This morning’s contemplation: Sometimes you have a sudden awakening—a feeling of lightening; a knowing that, although each of us is ultimately alone, we are something much huger than any one person, something so powerful we would explode if we felt it all the time. If you have felt this just once, it is there for you. It’s like connection to a great mother’s placenta. For me, there was such an awakening during the 1/21 women’s march. And I believe there was such a worldwide concentration of this experience that it formed a global placenta for all of us babies who are aware of it. So if you get tired, sad, defeated, whatever, just REMEMBER those feelings. (more…)
I am not going to be able to "get over it" and "move on" when every day something happens that sickens and scares me. But I also am not a progressive fundamentalist. I sicken and scare according to each event on its own merits.
I have not found everything sickening and scary.
For instance, after hearing a lot of different opinions, I decided that General James Mattis was not a bad pick for secretary of defense. He opposed Trump in his hearings. He seems to understand more about Putin and Russia than his boss.
Likewise, from reading Bernie Sanders' Our Revolution and learning more than I've ever known about trade, I see renegotiating agreements as a positive thing.
Infrastructure projects, if done in a way that they benefit real people rather than the top 1%, will be a good thing. But I'm skeptical about the "how."
After hearing this riveting On the Media interview with Tim Weiner, Times reporter and expert on the CIA and FBI, I believe that James Comey might end up being a national hero.
My fiction has been known to tick off the political correctness police, and I abhor any constriction of First Amendment rights—including the rights of people who say things that sicken and scare me.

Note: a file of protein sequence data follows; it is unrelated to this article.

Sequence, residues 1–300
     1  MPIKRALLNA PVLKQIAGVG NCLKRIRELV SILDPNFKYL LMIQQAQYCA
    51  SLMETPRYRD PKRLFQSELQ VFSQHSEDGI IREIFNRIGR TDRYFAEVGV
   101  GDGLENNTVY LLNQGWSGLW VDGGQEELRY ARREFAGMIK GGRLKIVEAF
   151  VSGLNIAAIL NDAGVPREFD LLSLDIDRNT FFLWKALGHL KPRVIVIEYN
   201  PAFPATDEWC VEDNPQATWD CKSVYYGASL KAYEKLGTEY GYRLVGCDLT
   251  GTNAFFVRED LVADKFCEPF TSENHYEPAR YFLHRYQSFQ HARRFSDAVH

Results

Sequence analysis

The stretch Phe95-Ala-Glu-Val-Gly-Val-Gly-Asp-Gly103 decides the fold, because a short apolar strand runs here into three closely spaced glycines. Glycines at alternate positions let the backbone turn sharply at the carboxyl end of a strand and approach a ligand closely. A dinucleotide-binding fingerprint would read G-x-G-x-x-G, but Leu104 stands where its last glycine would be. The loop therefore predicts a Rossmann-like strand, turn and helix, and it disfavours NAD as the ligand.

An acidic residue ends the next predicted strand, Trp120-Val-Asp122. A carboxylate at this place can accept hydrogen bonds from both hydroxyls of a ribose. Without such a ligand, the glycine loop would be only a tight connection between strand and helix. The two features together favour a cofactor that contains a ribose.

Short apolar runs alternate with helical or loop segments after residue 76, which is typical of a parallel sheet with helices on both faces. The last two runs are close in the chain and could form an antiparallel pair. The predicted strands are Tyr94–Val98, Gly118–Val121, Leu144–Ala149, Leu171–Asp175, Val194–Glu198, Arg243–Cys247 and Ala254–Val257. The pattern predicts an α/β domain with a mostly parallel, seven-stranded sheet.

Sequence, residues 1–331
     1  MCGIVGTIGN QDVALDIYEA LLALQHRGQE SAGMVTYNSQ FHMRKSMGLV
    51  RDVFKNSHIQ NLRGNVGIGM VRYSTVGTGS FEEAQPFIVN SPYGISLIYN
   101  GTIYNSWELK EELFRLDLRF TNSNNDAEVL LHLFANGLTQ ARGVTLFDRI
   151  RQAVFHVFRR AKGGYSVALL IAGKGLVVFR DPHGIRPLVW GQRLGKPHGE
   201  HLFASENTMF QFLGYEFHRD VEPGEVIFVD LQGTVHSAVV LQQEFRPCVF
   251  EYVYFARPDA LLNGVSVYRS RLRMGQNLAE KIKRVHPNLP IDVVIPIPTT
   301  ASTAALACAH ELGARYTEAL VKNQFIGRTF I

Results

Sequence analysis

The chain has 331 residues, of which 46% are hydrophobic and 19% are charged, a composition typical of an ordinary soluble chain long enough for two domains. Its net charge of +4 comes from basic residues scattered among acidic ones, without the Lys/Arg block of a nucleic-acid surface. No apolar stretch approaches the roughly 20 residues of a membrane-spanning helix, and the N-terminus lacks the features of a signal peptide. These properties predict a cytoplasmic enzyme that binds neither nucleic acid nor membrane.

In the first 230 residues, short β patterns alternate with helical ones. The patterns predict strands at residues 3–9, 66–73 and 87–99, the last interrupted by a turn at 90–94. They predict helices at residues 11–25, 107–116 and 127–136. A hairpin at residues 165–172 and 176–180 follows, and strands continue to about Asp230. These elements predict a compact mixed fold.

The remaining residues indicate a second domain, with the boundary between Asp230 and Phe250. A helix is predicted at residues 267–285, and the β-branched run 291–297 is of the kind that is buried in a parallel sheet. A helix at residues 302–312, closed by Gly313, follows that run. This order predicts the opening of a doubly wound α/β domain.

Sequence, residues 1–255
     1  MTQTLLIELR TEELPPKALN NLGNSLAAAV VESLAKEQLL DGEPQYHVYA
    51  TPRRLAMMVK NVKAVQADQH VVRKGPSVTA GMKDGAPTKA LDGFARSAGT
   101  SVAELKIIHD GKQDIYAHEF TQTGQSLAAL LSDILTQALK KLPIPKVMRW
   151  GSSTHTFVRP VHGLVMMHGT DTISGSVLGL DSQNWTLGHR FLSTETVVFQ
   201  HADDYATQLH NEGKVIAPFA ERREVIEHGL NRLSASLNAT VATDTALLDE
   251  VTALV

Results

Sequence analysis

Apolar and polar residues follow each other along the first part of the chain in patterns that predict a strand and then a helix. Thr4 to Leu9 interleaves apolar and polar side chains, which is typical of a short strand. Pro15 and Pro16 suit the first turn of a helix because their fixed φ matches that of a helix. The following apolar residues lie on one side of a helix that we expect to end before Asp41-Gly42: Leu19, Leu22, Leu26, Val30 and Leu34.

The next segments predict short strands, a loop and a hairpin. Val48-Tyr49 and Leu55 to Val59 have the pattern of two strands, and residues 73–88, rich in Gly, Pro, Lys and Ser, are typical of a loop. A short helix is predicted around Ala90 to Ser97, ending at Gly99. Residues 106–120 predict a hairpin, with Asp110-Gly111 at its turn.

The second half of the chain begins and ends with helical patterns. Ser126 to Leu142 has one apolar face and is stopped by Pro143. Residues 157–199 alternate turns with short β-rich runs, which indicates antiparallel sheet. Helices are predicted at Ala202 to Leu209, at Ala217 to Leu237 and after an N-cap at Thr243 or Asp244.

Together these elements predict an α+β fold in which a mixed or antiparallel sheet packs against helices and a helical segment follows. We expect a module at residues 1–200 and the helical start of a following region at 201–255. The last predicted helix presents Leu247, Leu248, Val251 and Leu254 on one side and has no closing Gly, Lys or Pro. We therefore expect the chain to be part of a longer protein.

Earlier in the day, at the White House, Mr. Trump shrugged off the sense of anxiety and disarray, suggesting that there had been an orderly rollout. "It's not a Muslim ban, but we were totally prepared," he said. "It's working out very nicely. You see it at the airports, you see it all over."
You have risked your life to work for the USA, gone through years of scrutiny, obtained a legal visa, a green card.
Bombs exploding around you, you have run for your life, crossed treacherous waters crammed in a precarious boat. You have endured the death of your children, your spouse. You have lived in mud, waiting. For 2 and 3 years, you have answered questions. You have obtained a legal visa.
The Point of the Women's March? This seems to be a question, so I'd like to answer it personally:
I marched in the first women's NYC movement in 1970 and vividly remember red-faced men on the sidelines screaming, "Get back in the kitchen where you belong." It was scary. I was 19 and was there because two "older" women at the company where I was an intern ordered me to come with them. Many of us were angry, but only in correlation to how scared we were.
When I marched on 1/21/17, it was an epiphany, an ecstatic event. I learned that everything had indeed changed for the better. I was not scared; I was elated. Police wore pink hats, smiled, and were helpful. The crowds were humongous and peaceful. The world joined this march. It was not merely a march to protest Trump's misogyny. It was not merely to fight for women's equal pay, right to determine what our bodies will and will not do, or any other single issue. (more…)
Thousands of us gathered at today's massive #WritersResist #LouderTogether demonstration at the 42nd Street NY Public Library. The purpose: to send a message as only a mob of angry writers can to Donald Trump that we will not stand for any incursion or threats to our First Amendment right to free expression and a free press. The afternoon was stunning with stories. Highlights:
(1) When founder of the movement Erin Belieu recounted the night she was making dinner for her excited teenage son who wants to be a historian and Trump came on the TV imitating the disabled reporter—whose disability is similar to her son's . . . and his reaction to seeing this.
(2) PEN America president Andrew Solomon's story of hearing from another writer whose country had become fascist. "You're shocked now," the man said, "but you'll be surprised at how little you react six months from now." And Solomon's vow to "Remain shocked!"
And (3) Rosanne Cash's reading of Leonard Cohen's lyrics to "Democracy" (1992): (more…)